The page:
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I want to be able to call a function within an if statement.

For example:

var photo = "yes";

if (photo=="yes") {

    capturePhoto();

}

else {
  //do nothing
}; 

This does nothing though. The function is clearly defined above this if statement.

Edit: Wow, downboated to hell! capturePhoto(); was just an example function that didn't really need any more explanation in this scenario?

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2  
What do you mean by "does nothing"? Does the function not get called or does it not do what you're expecting it to? What is the function -supposed- to do (posting the code would be useful!) that it doesn't? –  Anthony Grist Dec 5 '11 at 15:54
4  
And what does capturePhoto() do? Unless your JS/browser install is totally hosed, or either of those yes strings are ninjas pretending to be yesses, there's no way that this code could NOT call capturePhoto. –  Marc B Dec 5 '11 at 15:54
2  
A side note: you might want to use true/false boolean constants rather than "yes"/"no" strings. You could then format your if as if (photo) capturePhoto();. –  Xion Dec 5 '11 at 15:55
8  
Why do people ask for help with their code, but then don't provide the code? –  RightSaidFred Dec 5 '11 at 15:56
3  
I can't update RightSaidFred's comment enough. POST YOUR DAMN CODE PEOPLE! –  Polynomial Dec 5 '11 at 15:58

5 Answers 5

up vote 8 down vote accepted

That should work. Maybe capturePhoto() has a bug? Insert an alert() or console.log():

if ( photo=="yes" )
{
  alert("Thank you StackOverflow, you're a very big gift for all programmers!");
  capturePhoto();
}
else
{
  alert("StackOverflow.com must help me!");
}
share|improve this answer
    
It shouldn't be written 'It works!' it should be written - 'thank you StackOverflow!' ! –  Aleks Mar 26 '13 at 14:48
    
@Aleks Why should the code thank StackOverflow if we haven't done anything except saying that capturePhoto() could have a bug? BTW this is more than a year old ;) –  ComFreek Mar 26 '13 at 14:52
1  
Because javascript doesn't report errors like we would want :) And even it is old more then a year, mentioning a word - bug stopped me for a second, and I figured a solution for my similar javascript problem not running a function. Even it is a year old I had to say it helped me +1 ;) –  Aleks Mar 26 '13 at 15:14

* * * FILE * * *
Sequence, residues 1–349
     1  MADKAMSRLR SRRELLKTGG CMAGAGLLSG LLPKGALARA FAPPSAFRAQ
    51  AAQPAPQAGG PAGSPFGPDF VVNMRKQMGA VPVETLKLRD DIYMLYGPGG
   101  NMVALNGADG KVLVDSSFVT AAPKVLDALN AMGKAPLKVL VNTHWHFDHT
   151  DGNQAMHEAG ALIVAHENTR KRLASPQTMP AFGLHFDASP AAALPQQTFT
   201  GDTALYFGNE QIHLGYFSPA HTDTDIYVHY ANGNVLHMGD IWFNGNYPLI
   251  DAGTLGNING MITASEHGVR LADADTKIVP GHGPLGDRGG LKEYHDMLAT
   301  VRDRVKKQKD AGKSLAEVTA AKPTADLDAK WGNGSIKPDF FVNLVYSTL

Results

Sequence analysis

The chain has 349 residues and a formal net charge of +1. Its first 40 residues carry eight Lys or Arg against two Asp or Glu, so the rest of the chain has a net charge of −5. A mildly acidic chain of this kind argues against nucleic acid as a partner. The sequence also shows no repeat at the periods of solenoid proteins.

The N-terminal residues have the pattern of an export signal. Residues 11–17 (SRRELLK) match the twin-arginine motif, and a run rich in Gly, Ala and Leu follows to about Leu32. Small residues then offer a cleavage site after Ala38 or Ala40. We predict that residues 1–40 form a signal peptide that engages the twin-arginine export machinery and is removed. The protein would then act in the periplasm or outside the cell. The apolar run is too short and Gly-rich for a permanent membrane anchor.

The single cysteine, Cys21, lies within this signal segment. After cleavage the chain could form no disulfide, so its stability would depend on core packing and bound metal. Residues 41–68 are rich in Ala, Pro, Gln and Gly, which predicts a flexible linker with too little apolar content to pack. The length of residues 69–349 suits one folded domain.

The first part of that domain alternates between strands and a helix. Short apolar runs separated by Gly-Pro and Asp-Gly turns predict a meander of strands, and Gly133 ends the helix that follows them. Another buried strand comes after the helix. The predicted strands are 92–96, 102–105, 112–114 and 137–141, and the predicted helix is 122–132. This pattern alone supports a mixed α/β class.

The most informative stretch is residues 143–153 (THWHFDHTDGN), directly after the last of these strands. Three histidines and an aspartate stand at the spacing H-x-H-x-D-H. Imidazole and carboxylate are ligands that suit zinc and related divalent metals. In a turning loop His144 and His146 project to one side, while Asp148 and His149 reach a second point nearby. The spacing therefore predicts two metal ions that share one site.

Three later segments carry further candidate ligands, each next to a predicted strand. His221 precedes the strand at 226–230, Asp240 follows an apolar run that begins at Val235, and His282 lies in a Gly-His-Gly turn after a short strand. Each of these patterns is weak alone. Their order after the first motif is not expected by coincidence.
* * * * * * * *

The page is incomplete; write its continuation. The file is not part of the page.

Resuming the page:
1  
@Aleks I'm glad that I could point you in the right direction :) Thank you, thank StackOverflow (see edit)! ;) –  ComFreek Mar 26 '13 at 15:24
1  
hehe :D it is absolutely true!! ;) thanks, have a happy programming ;) –  Aleks Mar 26 '13 at 15:34

You probably missed something, a quotation, a semicolon or something like that. I would recommend you to use a debugger like Firebug or even Google Chrome's Web Developer Tool. You will know what's wrong with your code and where it is wrong.

You may take a look at this live code that your code above works: http://jsfiddle.net/ZHbqK/

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The code looks fine to me (except you don't need the ; at the end of the last line). Check your error log; perhaps the browser thinks capturePhoto is not defined for some reason. You can also add alert statements to make sure the code is actually running:

var photo = "yes";

alert('Entering if statement');

if (photo=="yes") {
    alert('then');
    capturePhoto();
} else {
    alert('else');
    //do nothing
}

When you encounter a situation where it seems like a fundamental language feature is not working, get some more information about what is going on. It is almost never the platform's fault. It is occasionally a misunderstanding of how the feature works (e.g. why does parseInt('031') == 25 ?). It is usually a violation of an assumption you're making about the code that isn't holding up because of a problem elsewhere.

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I'm not seeing any problems here. I used this code and the function call worked. I kept your code and just added a function called capturePhoto().

Are you sure that the code you're using to call the function is firing?

var photo = "yes"; 
if (photo=="yes") 
{ 
    capturePhoto(); 
} 
else 
{ 
    //do nothing 
};
function capturePhoto() 
{ 
    alert("Pop up Message"); 
}
share|improve this answer

The code that you posted does work.

I copied it and tested it.

Demo: http://jsfiddle.net/Guffa/vraPQ/

The only thing wrong with it that I can see is a semicolon after the closing bracket, but that is only a style problem. It will form an extra empty statement, but that doesn't cause any problems.

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